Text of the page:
Currency trading may have risen to a record $5 trillion a day in September, surpassing the peak reached before Lehman Brothers (LEHMQ) Holdings Inc.’s collapse in 2008, according to the Bank for International Settlements.
Trading then declined to about $4.7 trillion a day in October and is likely to have fallen considerably in early 2012, the Basel, Switzerland-based bank said in a report. The BIS said it derived its estimates from supplementing the data in its foreign-exchange survey, which is undertaken every three years, with information collected from central banks and electronic- trading platforms.
The surveys found currency trading kept increasing in the first year of the financial crisis, climbing to about $4.5 trillion a day in September 2008, shortly before Lehman’s collapse, Morten Bech, a senior economist at the BIS, wrote in the research paper. Average daily trading volume then plunged to $3 trillion in April 2009, he wrote.
“By mid-2009, global foreign-exchange activity had started to pick up again and it rose to $4 trillion a day in April 2010,” Bech wrote. “Our measure shows the foreign-exchange activity may have reached $5 trillion a day in September 2011, before dropping off considerably by the end of the year.”
Foreign-exchange trading has surged as central banks including the Federal Reserve flooded markets with cash to combat the global financial crisis. Japan intervened to help its exporters after a record earthquake and tsunami a year ago, while the Swiss central bank imposed a cap to stem franc strength in September. Efforts to boost growth by protecting exports started a “currency war,” Brazil Finance Minister Guido Mantega said in September 2010.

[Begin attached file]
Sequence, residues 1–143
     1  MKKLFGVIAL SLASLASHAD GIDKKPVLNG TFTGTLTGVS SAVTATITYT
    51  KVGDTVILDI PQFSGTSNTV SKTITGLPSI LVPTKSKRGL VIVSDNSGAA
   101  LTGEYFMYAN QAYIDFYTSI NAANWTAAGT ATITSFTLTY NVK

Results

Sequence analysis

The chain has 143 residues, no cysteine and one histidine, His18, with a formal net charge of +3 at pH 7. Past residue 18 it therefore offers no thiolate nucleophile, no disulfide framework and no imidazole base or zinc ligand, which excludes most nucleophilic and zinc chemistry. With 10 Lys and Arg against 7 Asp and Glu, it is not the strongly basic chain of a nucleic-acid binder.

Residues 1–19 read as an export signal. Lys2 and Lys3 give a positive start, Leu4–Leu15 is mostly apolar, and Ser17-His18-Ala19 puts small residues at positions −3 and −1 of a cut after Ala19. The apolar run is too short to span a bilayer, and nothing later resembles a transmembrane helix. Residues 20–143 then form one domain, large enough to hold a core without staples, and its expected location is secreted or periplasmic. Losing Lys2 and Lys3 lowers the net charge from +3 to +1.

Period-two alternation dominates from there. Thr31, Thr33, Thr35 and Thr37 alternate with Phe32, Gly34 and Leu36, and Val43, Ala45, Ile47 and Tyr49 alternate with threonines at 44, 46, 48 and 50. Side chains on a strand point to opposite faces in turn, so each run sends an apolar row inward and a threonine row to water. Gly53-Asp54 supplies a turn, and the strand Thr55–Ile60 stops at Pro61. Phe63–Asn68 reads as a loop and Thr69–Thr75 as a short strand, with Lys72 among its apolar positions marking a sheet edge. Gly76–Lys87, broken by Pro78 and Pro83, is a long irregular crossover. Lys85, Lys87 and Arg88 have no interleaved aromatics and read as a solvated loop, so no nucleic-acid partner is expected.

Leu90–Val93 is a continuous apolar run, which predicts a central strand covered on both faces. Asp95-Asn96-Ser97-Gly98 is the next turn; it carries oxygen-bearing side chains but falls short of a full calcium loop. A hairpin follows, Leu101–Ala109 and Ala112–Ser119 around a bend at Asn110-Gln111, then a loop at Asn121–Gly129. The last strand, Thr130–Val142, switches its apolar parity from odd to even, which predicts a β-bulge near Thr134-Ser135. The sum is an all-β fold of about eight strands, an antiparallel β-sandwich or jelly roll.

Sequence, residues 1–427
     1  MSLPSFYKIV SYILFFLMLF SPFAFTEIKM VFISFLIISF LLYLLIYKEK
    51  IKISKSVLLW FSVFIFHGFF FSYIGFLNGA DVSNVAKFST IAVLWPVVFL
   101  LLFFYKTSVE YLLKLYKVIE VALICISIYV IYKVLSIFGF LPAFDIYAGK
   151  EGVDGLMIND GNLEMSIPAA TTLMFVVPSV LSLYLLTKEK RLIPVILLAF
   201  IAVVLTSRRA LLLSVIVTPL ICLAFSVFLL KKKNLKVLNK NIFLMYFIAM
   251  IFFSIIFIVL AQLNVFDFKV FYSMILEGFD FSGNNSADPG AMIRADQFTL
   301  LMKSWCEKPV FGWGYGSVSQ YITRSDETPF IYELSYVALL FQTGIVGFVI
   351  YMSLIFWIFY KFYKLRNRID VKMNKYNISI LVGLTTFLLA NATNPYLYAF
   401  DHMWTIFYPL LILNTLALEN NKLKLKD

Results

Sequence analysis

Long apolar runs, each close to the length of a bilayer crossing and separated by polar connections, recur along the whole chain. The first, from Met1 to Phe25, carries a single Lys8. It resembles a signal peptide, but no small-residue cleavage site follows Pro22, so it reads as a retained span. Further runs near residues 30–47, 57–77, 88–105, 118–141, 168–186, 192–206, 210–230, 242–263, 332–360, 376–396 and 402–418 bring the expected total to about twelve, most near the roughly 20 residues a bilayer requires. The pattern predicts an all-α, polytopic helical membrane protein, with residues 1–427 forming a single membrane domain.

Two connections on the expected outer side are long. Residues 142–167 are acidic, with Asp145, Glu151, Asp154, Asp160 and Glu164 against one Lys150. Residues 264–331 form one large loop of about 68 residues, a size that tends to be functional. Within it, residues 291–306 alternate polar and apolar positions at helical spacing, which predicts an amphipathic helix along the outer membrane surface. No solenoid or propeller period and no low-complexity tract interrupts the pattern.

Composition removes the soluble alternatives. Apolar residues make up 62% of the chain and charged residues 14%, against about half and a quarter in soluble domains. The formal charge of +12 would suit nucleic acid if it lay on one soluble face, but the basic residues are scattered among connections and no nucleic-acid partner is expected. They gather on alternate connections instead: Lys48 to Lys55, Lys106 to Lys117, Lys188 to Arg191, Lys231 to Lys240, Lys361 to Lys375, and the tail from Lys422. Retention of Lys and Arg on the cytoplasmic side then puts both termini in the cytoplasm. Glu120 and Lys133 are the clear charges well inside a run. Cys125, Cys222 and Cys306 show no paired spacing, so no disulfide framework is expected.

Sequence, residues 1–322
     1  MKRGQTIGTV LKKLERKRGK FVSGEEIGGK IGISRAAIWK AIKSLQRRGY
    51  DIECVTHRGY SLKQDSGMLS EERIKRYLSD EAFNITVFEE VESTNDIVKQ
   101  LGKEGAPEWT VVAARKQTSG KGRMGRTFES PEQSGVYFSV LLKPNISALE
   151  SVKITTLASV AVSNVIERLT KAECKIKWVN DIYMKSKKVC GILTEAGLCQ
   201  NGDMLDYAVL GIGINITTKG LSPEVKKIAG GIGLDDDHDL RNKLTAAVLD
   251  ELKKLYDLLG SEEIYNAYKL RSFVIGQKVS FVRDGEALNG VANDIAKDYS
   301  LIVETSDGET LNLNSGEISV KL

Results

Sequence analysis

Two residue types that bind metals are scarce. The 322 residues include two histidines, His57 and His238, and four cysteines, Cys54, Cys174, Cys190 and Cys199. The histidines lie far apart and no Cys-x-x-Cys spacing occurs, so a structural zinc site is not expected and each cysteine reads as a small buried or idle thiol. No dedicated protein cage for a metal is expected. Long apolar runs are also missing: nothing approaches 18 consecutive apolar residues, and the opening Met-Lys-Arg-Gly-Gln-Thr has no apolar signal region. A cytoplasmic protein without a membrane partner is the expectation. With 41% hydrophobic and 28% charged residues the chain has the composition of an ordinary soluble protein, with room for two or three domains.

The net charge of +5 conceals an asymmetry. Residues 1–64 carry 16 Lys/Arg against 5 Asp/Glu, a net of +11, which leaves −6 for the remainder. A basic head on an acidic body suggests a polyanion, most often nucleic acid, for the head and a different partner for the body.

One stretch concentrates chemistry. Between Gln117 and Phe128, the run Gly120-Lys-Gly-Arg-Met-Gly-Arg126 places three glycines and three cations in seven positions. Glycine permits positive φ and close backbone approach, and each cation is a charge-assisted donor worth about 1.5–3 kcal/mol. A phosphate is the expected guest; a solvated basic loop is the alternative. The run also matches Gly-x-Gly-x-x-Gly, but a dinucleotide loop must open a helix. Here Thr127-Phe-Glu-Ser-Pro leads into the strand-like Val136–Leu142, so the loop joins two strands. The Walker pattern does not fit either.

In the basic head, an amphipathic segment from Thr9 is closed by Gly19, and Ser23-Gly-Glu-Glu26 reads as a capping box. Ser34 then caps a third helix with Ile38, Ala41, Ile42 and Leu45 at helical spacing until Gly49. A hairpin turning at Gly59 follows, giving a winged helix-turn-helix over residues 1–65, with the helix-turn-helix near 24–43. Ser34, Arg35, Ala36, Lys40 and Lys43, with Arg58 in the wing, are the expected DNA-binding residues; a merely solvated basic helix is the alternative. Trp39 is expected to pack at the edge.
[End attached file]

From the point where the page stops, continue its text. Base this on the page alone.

The dollar traded at $1.3109 per euro at 8:42 a.m. in London, up 0.1 percent from last week. The greenback slid 0.3 percent to 82.24 yen after rising to 82.65 on March 9, the strongest since April 27.
Bech said the recent data showed London remained the center with the highest volume of foreign-exchange trading, followed by New York.
“The turnover in the United Kingdom dwarfs that of any other market center,” he wrote. “At slightly over $2 trillion per day in April 20111, its reported volume was larger than the other surveyed markets put together.”
Implied volatility of three-month options on Group of Seven currencies as tracked by the JPMorgan G7 Volatility Index (JPMVXYG7) climbed to 26.6 percent on Oct. 24, 2008, the most since Bloomberg began compiling the data in 1992. The gauge reached a 15-month high of 15.8 percent on Sept. 23 before falling to as low as 9.71 on Feb. 24.
A lower figure makes investments in currencies with higher benchmark lending rates more attractive as the risk in such trades is that market moves will erase profits.
The BIS report differs from its triennial currency survey, with the next one scheduled for April 2013. In the previous survey published in September 2010, it said the average daily trading volume increased 20 percent from 2007 to $4 trillion.
The BIS supplemented its survey data with information taken from central-bank sponsored industry groups in the U.K., North America, Canada, Singapore, Japan and Australia. It also took data from electronic-trading systems operated by EBS and Thomson Reuters, Hotspot FX and the Chicago Mercantile Exchange.
The BIS also used data from CLS Bank, the New York-based operator of the largest currency-trading settlement system. CLS handled an average of $4.5 trillion per day in 2011, compared with $2 trillion in early 2005, according to the BIS report.
“While good and timely data are available on prices of foreign-exchange instruments, the same is not true for trading activity,” Bech wrote. “In this article, I show how it is possible to leverage alternative sources of FX activity to obtain a timelier grasp of turnover developments.”
The BIS was formed in 1930 and acts as a central bank for the world’s monetary authorities. It has published the triennial survey since 1989.
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